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Latest doll craze has Barbie fighting for her life
W Monster High dolls
Tegan, 9, poses with Monster High dolls in this June 27, 2013, file photo. Monster High dolls have grown to an estimated $500 million in annual sales since debuting in 2010. - photo by Associated Press

    NEW YORK — As far as catfights go, this is a doozy.
    Barbie, long the reigning queen in the doll world, has suddenly been thrust into the battle of her life.
    But Barbie's competitors look nothing like the blue-eyed, blond-haired, long-legged fashion icon. And they don't have the same old standards of beauty as the aging diva, either.
    Monster High dolls, vampy teens that are patterned after the offspring of monsters like Dracula and Frankenstein, have neon pink and green streaks in their hair. They wear platform heels and mini-skirts with skulls on them. And the dolls that go by names like Draculaura and Ick Abbey Bominable are gaining on Barbie.
    In the Maddux household in Portage, Wis., for instance, Olivia, 10, has been playing with Barbie for six or seven years. But she added Monster High dolls to the mix a year ago.
    "I look at Olivia and some of her friends and see they're growing out of Barbies," said Olivia's mom, Lisa Maddux, 42, a freelance writer.
    That Barbie is losing her edge is no surprise. Since debuting in 1959 as the world's first fashion doll, Barbie has long been a lightning rod for controversy and competitors.
    To be sure, Barbie is still No. 1 in the doll market, and the Mattel franchise is with an estimated $1.3 billion in annual sales. But Barbie's sales have slipped for four straight quarters, even while the overall doll category is up
6 percent year-to-date, according to the researcher NPD Group.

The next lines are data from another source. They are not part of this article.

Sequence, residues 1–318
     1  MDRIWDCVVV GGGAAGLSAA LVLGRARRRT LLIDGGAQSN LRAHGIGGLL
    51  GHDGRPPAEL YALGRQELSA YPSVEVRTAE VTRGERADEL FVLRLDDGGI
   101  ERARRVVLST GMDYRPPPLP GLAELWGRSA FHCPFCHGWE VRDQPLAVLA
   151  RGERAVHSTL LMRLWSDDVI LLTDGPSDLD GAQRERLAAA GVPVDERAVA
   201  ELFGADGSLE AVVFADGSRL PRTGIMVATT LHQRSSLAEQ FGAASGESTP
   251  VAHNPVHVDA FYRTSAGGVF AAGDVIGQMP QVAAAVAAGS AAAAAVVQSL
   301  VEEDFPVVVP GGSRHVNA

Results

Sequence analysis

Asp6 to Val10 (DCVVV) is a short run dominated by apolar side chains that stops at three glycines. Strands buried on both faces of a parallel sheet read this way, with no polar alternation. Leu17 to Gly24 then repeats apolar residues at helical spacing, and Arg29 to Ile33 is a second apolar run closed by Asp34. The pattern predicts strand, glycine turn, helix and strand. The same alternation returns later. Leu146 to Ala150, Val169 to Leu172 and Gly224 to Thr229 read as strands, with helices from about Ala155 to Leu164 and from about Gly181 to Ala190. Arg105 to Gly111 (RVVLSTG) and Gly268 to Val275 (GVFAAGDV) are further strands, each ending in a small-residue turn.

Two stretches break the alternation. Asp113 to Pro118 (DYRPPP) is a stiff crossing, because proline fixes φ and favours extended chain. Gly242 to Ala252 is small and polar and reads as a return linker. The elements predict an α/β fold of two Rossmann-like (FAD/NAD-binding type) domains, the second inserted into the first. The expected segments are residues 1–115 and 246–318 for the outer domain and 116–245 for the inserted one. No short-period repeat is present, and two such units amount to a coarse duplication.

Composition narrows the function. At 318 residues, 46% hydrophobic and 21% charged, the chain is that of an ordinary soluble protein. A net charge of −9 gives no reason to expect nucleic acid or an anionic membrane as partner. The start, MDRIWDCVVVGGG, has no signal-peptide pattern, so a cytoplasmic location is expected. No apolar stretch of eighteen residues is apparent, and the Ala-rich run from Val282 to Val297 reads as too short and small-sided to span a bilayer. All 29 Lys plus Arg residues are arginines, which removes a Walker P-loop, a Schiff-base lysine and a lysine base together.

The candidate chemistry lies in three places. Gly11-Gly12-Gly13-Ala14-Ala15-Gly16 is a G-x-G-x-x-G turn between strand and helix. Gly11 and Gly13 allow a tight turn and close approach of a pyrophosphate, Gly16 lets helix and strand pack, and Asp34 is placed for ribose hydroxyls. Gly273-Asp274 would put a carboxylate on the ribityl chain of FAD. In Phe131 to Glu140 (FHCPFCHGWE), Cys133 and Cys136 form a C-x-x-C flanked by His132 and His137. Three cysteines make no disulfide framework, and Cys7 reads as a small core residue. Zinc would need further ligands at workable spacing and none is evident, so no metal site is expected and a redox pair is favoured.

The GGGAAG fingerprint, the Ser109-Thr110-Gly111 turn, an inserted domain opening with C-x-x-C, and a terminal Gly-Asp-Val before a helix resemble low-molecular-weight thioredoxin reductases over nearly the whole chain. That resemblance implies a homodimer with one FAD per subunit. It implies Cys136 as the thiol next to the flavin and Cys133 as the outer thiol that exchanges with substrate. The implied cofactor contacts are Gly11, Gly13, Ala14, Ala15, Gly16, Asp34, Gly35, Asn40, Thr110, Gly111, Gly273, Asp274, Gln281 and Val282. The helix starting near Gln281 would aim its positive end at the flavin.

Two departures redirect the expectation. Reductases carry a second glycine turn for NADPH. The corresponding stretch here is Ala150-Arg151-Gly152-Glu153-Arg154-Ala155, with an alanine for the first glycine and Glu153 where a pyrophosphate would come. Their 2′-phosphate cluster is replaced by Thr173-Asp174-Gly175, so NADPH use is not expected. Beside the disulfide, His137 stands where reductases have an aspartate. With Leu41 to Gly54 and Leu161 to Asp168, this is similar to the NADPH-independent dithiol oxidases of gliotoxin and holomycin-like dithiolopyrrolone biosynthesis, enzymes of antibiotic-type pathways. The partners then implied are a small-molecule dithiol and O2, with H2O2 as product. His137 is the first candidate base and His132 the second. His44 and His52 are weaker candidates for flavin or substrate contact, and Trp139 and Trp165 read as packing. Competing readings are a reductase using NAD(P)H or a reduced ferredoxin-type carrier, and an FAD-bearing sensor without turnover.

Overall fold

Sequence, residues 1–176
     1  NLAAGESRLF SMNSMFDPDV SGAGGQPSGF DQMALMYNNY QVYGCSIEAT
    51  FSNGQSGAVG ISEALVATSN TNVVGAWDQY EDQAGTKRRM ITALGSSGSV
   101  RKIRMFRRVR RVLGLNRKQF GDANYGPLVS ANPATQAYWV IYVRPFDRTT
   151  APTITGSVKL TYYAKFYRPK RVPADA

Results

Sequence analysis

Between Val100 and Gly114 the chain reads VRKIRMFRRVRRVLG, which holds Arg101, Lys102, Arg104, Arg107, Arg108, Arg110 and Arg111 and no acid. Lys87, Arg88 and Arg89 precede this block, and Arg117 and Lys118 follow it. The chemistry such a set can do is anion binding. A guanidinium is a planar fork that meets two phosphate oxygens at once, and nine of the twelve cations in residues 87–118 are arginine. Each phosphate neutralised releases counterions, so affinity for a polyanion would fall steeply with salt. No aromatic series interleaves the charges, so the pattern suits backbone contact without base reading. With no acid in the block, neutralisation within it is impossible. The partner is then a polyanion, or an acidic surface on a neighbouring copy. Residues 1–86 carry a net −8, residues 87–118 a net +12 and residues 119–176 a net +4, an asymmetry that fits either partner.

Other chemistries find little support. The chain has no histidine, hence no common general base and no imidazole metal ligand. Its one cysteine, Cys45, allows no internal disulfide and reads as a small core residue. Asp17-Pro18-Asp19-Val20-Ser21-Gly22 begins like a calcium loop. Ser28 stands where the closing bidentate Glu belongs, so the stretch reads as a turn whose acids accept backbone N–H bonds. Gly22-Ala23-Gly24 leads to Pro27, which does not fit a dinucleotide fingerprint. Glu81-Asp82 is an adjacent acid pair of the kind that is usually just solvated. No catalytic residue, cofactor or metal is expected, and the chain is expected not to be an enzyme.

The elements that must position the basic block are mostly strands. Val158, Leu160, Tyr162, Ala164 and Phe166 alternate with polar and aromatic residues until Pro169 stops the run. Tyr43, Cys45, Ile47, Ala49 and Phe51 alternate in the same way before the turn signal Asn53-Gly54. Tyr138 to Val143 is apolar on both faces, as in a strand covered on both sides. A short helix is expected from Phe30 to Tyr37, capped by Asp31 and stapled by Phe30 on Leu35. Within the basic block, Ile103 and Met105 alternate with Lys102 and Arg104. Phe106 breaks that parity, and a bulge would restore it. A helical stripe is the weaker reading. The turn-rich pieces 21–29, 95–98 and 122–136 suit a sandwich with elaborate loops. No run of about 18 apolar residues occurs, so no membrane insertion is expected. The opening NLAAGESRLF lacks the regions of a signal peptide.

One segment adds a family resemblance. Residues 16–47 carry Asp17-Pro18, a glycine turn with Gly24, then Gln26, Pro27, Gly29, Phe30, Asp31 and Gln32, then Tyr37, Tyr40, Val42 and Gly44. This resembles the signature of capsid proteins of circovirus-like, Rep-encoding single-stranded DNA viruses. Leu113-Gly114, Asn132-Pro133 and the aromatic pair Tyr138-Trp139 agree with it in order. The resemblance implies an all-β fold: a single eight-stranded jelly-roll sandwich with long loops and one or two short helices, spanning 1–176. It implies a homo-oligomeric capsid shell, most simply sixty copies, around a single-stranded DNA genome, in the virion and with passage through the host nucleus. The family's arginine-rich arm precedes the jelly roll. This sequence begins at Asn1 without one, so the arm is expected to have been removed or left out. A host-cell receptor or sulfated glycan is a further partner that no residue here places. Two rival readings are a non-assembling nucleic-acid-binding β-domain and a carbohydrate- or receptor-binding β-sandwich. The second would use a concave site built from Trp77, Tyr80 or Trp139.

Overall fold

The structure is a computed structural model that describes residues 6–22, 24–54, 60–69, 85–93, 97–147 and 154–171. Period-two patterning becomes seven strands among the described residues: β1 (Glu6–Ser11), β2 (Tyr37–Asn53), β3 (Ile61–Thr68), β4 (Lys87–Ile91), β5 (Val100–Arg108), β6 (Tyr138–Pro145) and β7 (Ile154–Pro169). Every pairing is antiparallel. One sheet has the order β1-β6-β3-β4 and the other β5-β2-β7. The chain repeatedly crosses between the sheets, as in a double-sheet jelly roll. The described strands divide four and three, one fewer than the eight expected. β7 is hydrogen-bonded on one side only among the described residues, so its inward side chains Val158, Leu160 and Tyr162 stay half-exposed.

Meanwhile, Monster High, which is also made by Mattel, has become the No. 2 doll brand in just three years, with more than $500 million in annual sales, said BMO Capital Markets Gerrick Johnson.
    In addition to the competition from Monster High, Barbie has had to contend with increasing criticism of her impossibly proportioned body. While the 54-year-old doll has over the years graduated from pin-up girl to a range of characters that include astronauts, engineers and princesses, detractors continue to dismiss the 11.5-inch doll's frame as impossibly top-heavy and tiny-waisted.
    Barbie's measurements equate to about a 39-inch bust, 18-inch waist and 33-inch hips on a life-size woman. The average American woman, by comparison, is about a size 14.
    Artist Nickolay Lamm on Monday posted pictures of what the doll would look like if it had the average measurements of a 19-year-old, revealing a much more meaty physique. The pictures were featured on websites from CNN to Time and renewed controversy over the doll's effect on girls' body image.
    Monster High dolls, on the other hand, although still pretty slim, have a punk rock look that's intended to send the message that being different is OK. And they're aimed at slightly older children — adding to their appeal — while Barbie's increasingly young audience is hurting sales. After all, no child wants to play with anything seen as a baby toy.
    Kim Blake's daughter Sarah, 7, used to be a Barbie fan, but she's moved beyond that. She's getting ready to donate her 3-foot-tall Barbie dream house and about half of her 20 Barbie dolls to charity.
    Now, she's more into playing outside or taking Taekwondo martial arts classes and less into dolls in general. That's a switch from her mother, 35, who played with Barbie dolls until she was 13.
    "Her girlfriends don't play with them any more, either," said Blake, a store manager in Renton, Wash. "They've actually said the word 'babyish' talking about them."
    In general, "hot toys" have a cyclical nature, usually with a 5-year time span, said BMO Capital's Johnson. This ensures that no toy stays on top forever. Even evergreen brands that endure for decades, like Barbie, have highs and lows in popularity.
    "It happens with everything — name a toy, and it's had its ups and downs," Johnson said. "At some point the day comes when a kid said, 'Nah, I'm tired of this.' "
    That day isn't completely here for Olivia Maddux yet. Her mom, Lisa, believes her new love affair with the Monster High dolls may have in fact extended the life of Barbie dolls.
    "I think the addition of Monster High dolls, aimed at a little different demographic, kept Barbies alive in our place, since she plays with them together," she said.
    That may be true. In Olivia's world, the two — Barbie and Monster High — peacefully coexist. Well, sort of.
    "The Monster High dolls are like the Barbie's servants," Olivia said.

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